On the merits of longitudinal multiple group modelling: an alternative to multilevel modelling for intervention evaluations

Todd D. Little, Daniel Bontempo, Charlie Rioux, Allison Tracy

Research output: Contribution to journalArticlepeer-review

Abstract

Multilevel modelling (MLM) is the most frequently used approach for evaluating interventions with clustered data. MLM, however, has some limitations that are associated with numerous obstacles to model estimation and valid inferences. Longitudinal multiple-group (LMG) modelling is a longstanding approach for testing intervention effects using cluster-sampled data that has been superseded by the rise of MLM approaches, but the LMG approach can have advantages when research questions do not pertain to predicting variability at the higher levels. In this paper, we first review the advantages and limitations of MLM and LMG approaches. Second, steps in the estimation of an LMG model are presented, with some recent upgrades and changes in the modelling strategy that have particular utility for evaluating interventions. We discuss the advantages of the LMG approach as a guided confirmatory model-testing framework and how the approach places a premium on avoiding Type II errors, particularly when complex interactions are potentially at play.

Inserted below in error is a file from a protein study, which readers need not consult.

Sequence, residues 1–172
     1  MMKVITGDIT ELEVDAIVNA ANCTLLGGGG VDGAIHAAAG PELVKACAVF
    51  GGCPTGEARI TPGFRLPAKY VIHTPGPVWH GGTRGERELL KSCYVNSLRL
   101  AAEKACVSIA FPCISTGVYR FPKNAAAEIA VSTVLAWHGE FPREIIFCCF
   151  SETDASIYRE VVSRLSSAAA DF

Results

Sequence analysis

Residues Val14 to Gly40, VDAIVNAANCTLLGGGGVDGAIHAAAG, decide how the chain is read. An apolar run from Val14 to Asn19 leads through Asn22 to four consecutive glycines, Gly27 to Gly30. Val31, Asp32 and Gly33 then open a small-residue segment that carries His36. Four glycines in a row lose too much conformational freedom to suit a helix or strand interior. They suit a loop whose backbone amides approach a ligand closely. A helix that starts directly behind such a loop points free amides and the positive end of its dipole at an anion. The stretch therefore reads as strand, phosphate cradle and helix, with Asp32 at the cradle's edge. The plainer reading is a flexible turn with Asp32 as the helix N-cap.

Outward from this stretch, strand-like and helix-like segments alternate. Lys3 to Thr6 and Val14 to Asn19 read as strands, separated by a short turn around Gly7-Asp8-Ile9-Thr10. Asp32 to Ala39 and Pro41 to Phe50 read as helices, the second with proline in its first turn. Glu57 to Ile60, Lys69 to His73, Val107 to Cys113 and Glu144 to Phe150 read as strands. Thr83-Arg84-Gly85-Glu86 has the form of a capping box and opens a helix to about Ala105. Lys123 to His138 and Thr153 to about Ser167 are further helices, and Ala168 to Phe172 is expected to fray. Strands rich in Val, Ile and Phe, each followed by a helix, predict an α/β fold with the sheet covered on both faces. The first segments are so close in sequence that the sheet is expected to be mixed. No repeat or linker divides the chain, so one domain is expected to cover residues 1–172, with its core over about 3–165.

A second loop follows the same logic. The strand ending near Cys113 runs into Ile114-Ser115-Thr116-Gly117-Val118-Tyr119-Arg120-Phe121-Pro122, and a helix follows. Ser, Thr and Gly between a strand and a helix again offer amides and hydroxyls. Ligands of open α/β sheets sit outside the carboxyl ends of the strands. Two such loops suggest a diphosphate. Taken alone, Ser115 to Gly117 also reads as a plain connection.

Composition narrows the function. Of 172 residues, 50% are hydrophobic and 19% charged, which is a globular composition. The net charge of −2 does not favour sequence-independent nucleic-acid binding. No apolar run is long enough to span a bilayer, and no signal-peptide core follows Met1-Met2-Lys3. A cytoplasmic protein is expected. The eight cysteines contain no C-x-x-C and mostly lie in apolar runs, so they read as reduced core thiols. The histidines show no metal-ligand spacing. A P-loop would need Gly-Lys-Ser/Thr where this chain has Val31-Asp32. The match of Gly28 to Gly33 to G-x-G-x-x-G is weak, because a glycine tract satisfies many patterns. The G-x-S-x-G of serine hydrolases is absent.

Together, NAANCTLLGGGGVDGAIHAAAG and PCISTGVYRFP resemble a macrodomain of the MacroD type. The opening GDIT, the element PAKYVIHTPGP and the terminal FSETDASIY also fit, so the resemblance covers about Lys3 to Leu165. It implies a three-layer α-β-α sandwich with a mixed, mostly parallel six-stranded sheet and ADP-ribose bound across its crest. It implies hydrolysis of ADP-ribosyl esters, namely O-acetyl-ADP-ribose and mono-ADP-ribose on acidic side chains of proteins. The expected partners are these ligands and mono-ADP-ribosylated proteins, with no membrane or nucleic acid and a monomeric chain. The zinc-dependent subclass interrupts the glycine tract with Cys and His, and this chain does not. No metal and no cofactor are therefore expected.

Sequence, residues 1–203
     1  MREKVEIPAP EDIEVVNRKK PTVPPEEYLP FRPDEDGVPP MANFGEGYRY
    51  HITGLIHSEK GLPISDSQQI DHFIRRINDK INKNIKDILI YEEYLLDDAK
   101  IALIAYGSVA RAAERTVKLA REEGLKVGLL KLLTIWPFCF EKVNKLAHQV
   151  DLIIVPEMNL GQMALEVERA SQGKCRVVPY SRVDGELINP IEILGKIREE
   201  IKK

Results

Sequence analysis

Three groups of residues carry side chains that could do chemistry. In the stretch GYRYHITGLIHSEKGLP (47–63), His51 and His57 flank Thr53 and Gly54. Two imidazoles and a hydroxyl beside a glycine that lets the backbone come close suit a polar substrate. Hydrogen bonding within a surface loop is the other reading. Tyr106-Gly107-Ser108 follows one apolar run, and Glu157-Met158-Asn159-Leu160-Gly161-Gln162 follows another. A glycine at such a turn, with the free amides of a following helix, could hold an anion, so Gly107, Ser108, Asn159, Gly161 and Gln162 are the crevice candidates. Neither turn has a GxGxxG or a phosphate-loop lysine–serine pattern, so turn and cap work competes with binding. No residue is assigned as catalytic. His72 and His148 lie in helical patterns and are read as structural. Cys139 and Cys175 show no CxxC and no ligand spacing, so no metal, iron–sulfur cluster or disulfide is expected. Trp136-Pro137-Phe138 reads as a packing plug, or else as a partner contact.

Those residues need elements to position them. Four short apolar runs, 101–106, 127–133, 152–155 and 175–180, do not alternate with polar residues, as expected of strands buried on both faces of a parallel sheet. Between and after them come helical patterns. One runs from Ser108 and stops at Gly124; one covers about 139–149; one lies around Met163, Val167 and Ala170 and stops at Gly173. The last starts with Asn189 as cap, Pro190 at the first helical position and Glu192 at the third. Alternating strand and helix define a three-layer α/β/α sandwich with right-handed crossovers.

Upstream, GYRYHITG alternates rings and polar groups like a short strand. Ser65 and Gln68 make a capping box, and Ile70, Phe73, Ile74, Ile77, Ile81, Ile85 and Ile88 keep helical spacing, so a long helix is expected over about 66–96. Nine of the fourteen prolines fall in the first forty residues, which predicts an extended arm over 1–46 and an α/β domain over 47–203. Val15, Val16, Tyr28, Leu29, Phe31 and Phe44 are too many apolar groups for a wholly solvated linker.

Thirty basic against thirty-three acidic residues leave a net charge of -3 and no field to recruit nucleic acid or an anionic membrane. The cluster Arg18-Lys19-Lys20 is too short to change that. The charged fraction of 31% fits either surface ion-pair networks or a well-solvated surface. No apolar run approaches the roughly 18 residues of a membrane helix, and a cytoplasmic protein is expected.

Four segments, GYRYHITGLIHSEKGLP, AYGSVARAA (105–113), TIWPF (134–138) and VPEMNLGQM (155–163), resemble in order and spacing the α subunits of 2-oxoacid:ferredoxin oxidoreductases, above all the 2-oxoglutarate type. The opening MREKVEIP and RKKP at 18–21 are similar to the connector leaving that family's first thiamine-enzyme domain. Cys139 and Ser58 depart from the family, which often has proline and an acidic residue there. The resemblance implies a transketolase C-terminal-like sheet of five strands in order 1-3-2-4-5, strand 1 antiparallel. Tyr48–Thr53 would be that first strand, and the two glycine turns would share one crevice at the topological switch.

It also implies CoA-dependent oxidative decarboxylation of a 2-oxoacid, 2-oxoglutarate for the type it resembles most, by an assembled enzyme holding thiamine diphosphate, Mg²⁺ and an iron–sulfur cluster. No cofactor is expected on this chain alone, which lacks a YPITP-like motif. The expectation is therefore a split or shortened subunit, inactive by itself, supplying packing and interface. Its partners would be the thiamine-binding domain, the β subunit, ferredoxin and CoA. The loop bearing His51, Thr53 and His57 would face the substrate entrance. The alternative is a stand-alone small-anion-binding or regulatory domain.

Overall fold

Keywords

  • Evaluation research
  • multilevel modelling
  • multiple group longitudinal modelling

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